ANNIVERSARIES..... by Jane Keown         (from June-July 2004 Print Blackstone Daily)

The spring breezes are once again freshening the landscape. Some of the fruit trees have started flowering, beginning an annual cycle which will result in the wonderful fresh fruit of summer. Newly plowed fields dry in the sunshine, awaiting the harrow and the planter and the crops that will grow on them. The apple trees show pink buds, which means that by Mother's Day weekend, they should be in full bloom. Spring is here in all its glory, and those of us who still work in agriculture know that there are many long months to go before we'll get a good rest. But the rewards of working the land and growing food and flowers include the intangible as well as the tangible, and we draw as much comfort from the new life around us as the plants themselves. This is the exciting season of rebirth and hope for the future.

Spring is a time for stupendous gatherings and milestone events. Most everyone that completes a course of study...from kindergarten to doctoral programs... graduates in the spring. Proms are held at the high school, and there are concerts and recitals to attend to celebrate a milestone in musical accomplishment. Spring is still a popular time for weddings, and therefore, many of the people I know celebrate anniversaries in the spring. Recently I overlooked sending an anniversary greeting to my friends Gail and Rich, who celebrated their thirty-first anniversary. I plan to send them a card with the caption, "Belated anniversary greetings from one corner of the Blackstone Valley to another." Sounds kind of cute, and at least they'll know I haven't forgotten their big day.

The town of Sutton is having a REALLY big anniversary this year: its 300th. Like so many other folks in town, I have been involved in committee work for a couple of years now, laying the foundation for what we hope will be a celebration worthy of the town. This town celebration coincides with our family's 80th anniversary on the farm, and we will celebrate that as sincerely as we celebrate the town's big year. Last year we celebrated the 90th anniversary of the big trees on the farm, of which only a dozen or so are left. Those trees were planted in 1913 as a part of the consortium known as the Drew Fruit. I learned of the date our trees went into the ground from Leon "Papa" Black, who was employed by my father as the picking crew boss throughout my youth.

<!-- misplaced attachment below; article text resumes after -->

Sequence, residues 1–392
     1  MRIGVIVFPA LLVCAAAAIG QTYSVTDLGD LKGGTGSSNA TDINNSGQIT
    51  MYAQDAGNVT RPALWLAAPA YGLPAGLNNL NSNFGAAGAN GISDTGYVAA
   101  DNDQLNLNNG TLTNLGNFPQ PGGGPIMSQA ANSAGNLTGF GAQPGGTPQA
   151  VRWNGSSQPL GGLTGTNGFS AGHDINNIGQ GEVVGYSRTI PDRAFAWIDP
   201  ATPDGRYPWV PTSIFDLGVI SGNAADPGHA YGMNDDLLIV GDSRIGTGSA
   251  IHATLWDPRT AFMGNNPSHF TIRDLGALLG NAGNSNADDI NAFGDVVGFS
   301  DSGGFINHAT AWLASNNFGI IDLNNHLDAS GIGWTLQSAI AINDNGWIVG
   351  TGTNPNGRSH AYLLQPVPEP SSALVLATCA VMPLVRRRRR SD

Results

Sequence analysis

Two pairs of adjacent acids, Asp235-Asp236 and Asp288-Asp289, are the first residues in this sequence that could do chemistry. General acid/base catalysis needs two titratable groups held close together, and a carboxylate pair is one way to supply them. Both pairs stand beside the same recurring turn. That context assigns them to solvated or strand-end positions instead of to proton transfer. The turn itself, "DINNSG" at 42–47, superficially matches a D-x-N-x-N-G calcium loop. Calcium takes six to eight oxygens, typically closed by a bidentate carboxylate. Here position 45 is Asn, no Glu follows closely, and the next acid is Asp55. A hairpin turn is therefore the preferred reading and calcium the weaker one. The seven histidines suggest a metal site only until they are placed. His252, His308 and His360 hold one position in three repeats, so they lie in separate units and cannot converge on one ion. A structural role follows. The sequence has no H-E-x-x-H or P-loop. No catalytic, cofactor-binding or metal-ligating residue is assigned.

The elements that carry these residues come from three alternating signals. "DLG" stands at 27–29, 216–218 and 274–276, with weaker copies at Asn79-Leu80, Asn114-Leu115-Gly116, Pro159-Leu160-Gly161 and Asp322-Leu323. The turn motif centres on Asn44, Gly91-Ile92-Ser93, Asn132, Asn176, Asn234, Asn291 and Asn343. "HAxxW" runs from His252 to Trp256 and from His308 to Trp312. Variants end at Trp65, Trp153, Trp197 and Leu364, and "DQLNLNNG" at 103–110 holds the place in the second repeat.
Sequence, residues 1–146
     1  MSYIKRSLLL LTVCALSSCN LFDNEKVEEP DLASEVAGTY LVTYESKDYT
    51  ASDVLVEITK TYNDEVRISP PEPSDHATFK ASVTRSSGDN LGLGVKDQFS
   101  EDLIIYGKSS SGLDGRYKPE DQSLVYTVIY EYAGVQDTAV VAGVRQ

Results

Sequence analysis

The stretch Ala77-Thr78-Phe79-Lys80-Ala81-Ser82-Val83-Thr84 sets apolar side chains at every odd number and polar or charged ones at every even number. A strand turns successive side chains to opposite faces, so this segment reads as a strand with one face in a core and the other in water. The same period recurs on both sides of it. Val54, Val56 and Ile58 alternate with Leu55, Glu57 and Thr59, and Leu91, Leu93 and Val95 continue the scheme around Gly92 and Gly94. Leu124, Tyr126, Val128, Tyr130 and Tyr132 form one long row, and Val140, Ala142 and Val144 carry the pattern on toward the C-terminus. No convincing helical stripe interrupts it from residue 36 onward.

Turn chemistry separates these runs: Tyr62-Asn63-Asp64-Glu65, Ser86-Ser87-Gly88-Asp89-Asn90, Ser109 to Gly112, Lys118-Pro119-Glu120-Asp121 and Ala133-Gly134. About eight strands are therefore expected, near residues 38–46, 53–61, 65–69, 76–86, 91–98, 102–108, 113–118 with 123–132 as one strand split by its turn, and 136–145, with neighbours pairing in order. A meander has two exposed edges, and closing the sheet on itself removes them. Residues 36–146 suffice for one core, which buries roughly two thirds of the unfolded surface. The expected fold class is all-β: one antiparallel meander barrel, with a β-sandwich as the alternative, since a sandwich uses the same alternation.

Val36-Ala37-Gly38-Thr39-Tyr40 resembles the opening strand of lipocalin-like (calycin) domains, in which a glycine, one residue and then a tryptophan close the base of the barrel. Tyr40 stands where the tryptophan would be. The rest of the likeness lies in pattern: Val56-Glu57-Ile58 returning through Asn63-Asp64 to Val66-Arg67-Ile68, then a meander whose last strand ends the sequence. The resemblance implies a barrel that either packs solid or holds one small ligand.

Papa Black had worked for the Drew Fruit Farms, and each year they planted farms in different central Massachusetts towns, starting in Grafton [on Keith Hill Road] and finishing up in Charlton. There were actually two orchards planted in Sutton in 1913, ours and one on Armsby Road where Pleasant Valley Country Club is currently located. Of the several pieces of land planted by this group of investors, ours is the only one still actively engaged in agriculture. At the end of the Great War [also known as World War I], the consortium fell apart, and the various investors were given one of the farms in payment for their financial commitment. Bill Greene of Grafton received ownership of the McClellan Road property, and he subsequently sold it to my grandfather in 1924. We've been here ever since!

I don't know when Papa Black started working for our family, but he was not around twelve months of the year. In the winter, he cut wood in northern New England. I remember him telling stories of hauling logs across Lake Winnipesaukee on the ice using teams of horses. He harvested Christmas trees, too, and sold them from his house on Route 146. Most everyone in Sutton bought their tree from Papa Black. Papa also helped Dad with the pruning, as he was very expert about trees. In fact, his ability to predict the bushels of fruit on each forty-foot apple tree was quite remarkable. In those days, pickers were paid piece work, meaning they got a certain amount for each bushel picked. Since all the trees held different crops each year, and since it was important for morale not to show favoritism, Papa had to assign the trees in an equitable manner. A picker might grumble if he were assigned a "light" tree, but Papa always made sure that the next tree had a good crop, and thus the assignments were balanced. He could predict the crop of each tree to within a bushel. I am still amazed by that feat.

There was a "Mama" Black, too. Her name was Viola [although everyone at the farm called her Mama]. She worked on the packing line, mainly taking out the "B-grade" apples. When there wasn't packing to be done, Mama would have Papa take her fishing. They loved to go for horn pout, which they caught with long bamboo poles. Often after one of their fishing trips, Papa would stop by with a bucket of fish for our dinner. Dad would clean them and my mother would cook them in the oven, using a special recipe she had developed that made them taste pretty good [unless they had been caught in Lake Ripple, where the fish always tasted muddy!] Papa Black stocked our pond with pout and gave us a couple of bamboo rods so we kids could learn the joys of fishing. I was always afraid of the horns on the fish, so secretly hoped not to catch any [and my hopes were generally realized.] It was fun to have something to do that involved being at the pond, and so we enjoyed fishing, even without much actual success.

It's fun to think back and remember how things used to be and who peopled our world years ago. That's why anniversaries are important celebrations- they remind us of how we got HERE. But I've taken enough time away from the tasks at hand. There are still seeds to be started, seedlings to transplant and plants to be potted. It's time for me to put aside the past and concentrate on the present, or I won't have much to look forward to in the future. I'm greenhouse bound!